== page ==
It can be a difficult task to truly evaluate an athlete that is actively playing in the NFL and assess whether or not the guy is a bust. Obviously, his career is not over yet, nor can anyone predict the future. A player who may have been perceived as a disappointment early on may very well turn his career around later down the line.
But after 7 seasons, it is safe to say that Alex Smith is still a bust.
|Photo by: Getty Images|
You should not have to develop a first overall pick.
The only way the product of the University of Utah won't ultimately be labeled as a bust is if he finishes his career strong and wins a couple of Super Bowls, a la John Elway.
It may seem offensive to compare the two, but what Alex does have going for him is that he's almost identical to Elway in size, and besides the strong arm, he possesses similar tools -- such as intelligence and mobility.
Personally, I wouldn't bet on Smith becoming the next Elway, so for now my stance on him remains the same.
Many people have blamed Smith's growing pains on having to learn a new offensive system every year in his first few seasons -- five different coordinators in his first 5 years, to be exact.
I don't buy this as an excuse.
Alex is a very smart guy. In 2 years, he earned a bachelor's degree in economics with a 3.74 GPA while at Utah. He had even begun some work on his master's degree before being drafted by San Francisco.
It's clear that Smith can do anything he sets his mind to.
During his 3rd season, the 49ers utilized a system that was a combination of the previous 2 years. Granted, Smith went on injured reserve late in the season with a shoulder injury, but before that, he posted a 57.2 QB rating in 7 games with a career worst 48.7 completion percentage.
This was all in spite of having some familiarity with a system for the first time in his pro career.
Incumbent head coach, Jim Harbaugh, took over in 2011 and implemented another new scheme with the 49ers. The 2011 season was Smith's best by far, posting career-high totals in just about every category, which just goes to show that blaming system changes for his woes at the beginning of his career is an invalid excuse.
As a result of his elevated play, San Francisco fans found a new admiration for No. 11.
Just a season ago, those same fans booed Smith and chanted for David Carr. Yes, that David Carr. The 2002 first overall selection who flopped and has spent most of his career as a second-stringer.
I guess the saying is true -- winning cures all.
Now we have a myriad of supporters claiming that Alex Smith is one of the top quarterbacks in the NFL. This is laughable, not only because he's had just one decent season, but because the inflation in his stats can be attributed to having a much improved team around him.
The organization has spent multiple high picks over the last few years to beef up the offensive line, including first round tackle Anthony Davis and first round guard Mike Iupati.
The running game has also progressively gotten better since 2007, and was ranked 8th in the league in rushing last season. They were also 3rd in the NFL in rushing attempts per game, which definitely helps the passing attack.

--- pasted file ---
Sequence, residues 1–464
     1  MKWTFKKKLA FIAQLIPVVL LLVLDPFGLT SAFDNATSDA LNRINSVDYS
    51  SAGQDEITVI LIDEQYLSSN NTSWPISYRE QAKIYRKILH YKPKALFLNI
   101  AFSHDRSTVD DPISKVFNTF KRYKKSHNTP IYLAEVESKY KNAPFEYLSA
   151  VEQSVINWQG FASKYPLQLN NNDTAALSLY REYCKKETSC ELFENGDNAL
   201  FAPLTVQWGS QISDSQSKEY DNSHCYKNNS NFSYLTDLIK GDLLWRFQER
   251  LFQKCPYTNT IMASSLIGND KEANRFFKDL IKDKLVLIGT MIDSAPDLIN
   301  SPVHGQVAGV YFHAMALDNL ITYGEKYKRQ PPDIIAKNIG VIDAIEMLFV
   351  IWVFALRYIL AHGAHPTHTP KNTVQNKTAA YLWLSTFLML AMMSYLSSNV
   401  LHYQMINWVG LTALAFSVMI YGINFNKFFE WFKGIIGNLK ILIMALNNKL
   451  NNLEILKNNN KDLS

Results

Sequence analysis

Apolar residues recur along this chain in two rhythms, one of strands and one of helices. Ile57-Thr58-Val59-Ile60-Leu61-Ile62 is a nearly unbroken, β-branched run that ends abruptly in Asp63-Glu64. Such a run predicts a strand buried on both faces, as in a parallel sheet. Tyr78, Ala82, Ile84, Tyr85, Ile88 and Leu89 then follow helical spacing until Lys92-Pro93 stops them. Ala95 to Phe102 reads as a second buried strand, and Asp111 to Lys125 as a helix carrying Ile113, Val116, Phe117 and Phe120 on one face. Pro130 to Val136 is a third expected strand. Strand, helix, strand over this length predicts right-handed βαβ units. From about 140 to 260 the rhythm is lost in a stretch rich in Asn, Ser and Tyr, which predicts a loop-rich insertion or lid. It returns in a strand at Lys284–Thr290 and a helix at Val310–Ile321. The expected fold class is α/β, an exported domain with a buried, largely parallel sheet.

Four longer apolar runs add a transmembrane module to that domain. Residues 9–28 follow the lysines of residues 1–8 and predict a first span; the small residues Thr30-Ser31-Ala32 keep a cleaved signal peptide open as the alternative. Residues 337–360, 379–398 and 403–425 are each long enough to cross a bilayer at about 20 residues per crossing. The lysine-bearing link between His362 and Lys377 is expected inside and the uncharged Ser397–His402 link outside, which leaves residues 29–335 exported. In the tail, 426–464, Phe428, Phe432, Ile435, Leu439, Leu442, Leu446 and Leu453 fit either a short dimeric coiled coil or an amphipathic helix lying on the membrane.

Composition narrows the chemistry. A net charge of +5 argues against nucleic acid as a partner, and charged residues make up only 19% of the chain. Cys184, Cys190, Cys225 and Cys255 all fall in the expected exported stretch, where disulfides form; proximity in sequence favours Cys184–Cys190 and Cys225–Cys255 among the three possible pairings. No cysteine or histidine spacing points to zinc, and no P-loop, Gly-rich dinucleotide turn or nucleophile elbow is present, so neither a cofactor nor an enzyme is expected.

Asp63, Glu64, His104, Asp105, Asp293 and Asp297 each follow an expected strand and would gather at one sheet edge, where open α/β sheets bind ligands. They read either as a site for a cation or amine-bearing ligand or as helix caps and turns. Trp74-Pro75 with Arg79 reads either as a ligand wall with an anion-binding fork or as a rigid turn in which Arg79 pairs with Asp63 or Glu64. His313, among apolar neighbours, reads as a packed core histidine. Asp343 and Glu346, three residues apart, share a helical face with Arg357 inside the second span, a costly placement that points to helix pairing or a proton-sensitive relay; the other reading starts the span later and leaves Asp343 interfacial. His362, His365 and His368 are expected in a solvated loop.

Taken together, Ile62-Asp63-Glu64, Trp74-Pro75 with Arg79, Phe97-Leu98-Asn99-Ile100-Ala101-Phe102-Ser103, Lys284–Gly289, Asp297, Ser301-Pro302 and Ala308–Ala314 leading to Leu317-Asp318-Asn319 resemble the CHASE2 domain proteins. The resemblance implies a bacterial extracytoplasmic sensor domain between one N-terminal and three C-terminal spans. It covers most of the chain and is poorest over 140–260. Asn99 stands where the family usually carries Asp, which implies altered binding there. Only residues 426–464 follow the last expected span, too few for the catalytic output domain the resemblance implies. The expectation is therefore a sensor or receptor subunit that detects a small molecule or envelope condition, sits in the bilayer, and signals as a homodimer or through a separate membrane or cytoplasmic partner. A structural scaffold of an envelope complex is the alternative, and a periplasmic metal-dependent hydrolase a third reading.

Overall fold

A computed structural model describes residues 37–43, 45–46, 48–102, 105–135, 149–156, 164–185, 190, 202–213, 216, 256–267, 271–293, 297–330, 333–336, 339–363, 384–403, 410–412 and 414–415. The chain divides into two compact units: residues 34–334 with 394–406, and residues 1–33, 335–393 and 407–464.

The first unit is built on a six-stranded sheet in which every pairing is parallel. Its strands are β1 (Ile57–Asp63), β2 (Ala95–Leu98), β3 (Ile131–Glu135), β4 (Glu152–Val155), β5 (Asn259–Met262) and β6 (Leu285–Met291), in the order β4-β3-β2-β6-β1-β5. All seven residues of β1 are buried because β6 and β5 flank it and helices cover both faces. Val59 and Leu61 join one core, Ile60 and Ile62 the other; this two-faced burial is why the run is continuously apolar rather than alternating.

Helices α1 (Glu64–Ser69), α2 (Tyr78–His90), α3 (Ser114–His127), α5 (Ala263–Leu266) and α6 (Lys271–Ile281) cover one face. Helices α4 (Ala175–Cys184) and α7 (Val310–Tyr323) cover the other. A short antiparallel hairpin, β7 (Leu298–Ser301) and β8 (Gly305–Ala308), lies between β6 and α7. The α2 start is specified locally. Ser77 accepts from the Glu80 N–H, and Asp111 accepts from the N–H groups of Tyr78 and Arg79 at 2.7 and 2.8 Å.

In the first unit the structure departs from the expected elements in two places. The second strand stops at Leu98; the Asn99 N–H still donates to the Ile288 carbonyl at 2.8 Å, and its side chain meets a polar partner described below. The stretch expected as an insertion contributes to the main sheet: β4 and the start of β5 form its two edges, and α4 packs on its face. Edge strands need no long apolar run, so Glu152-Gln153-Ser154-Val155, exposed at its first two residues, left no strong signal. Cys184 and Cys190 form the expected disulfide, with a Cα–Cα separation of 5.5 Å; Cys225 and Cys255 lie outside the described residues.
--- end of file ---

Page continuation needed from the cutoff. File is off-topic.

It is much easier to throw the ball effectively with a solid o-line and being able to keep opposing defenses honest with the run, not to mention playing with a lead. For the first time in Alex Smith's career, San Francisco has a legit defense. They were 4th in total defense in 2011.
They had never finished in the top 10 since drafting Smith prior to last year.
In both games that the 49ers have lost this season, they found themselves behind on the scoreboard early on. And both times, Smith could not carry the team to victory when they needed him to.
Now I'm not saying he hasn't ever brought San Fran back from a deficit. In fact, he had six 4th quarter comeback wins in 2011 alone.
That is fairly impressive.
But then again, Tim Tebow has had the same amount of comeback wins in his first 11 career starts, and he's far from a great quarterback -- so that argument can be nullified.
Of course, everyone remembers the incredible playoff game last season against the Saints where Smith would not quit and eventually won it for the Niners. That was an unbelievable performance to say the least.
It shouldn't have been so surprising though.
New Orleans was ranked 30th in passing defense. If anything, Drew Brees' performance against one of the best defenses in the NFL should have been celebrated. But the 49ers won the game, so all the attention fell on Alex.
This year has seen Smith become even more overrated.
Even though he's coming off a terrible performance against the Giants this past Sunday with 3 interceptions, he is still ranked 7th in QB rating and 6th in completion percentage. However, Smith is 29th in pass attempts per game and 26th in passing yards per game.
In other words, he's a top quarterback when it comes to efficiency, but only because he doesn't have to throw the ball much.
Those type of stats don't qualify you for superstar status. Smith is a great game manager, but that's about it. He's no better than Joe Flacco or Mark Sanchez.
If anyone wants to say that those numbers make Smith a top quarterback in the league, then I guess you have to say that Christian Ponder is one too, because they have very similar stats through the first 6 weeks.
The bottom line is that Alex Smith has potential, and he has certainly come a long way from his 1-TD/11-INT rookie campaign, but I don't think he will ever achieve individual greatness. He does, however, have a really good opportunity to continue getting better at his craft.
The 49ers are built to be dominant for years to come, so Smith has a chance to lead his team to multiple Super Bowl wins before his career is over.
But until that happens, I will continue to classify him as a bust.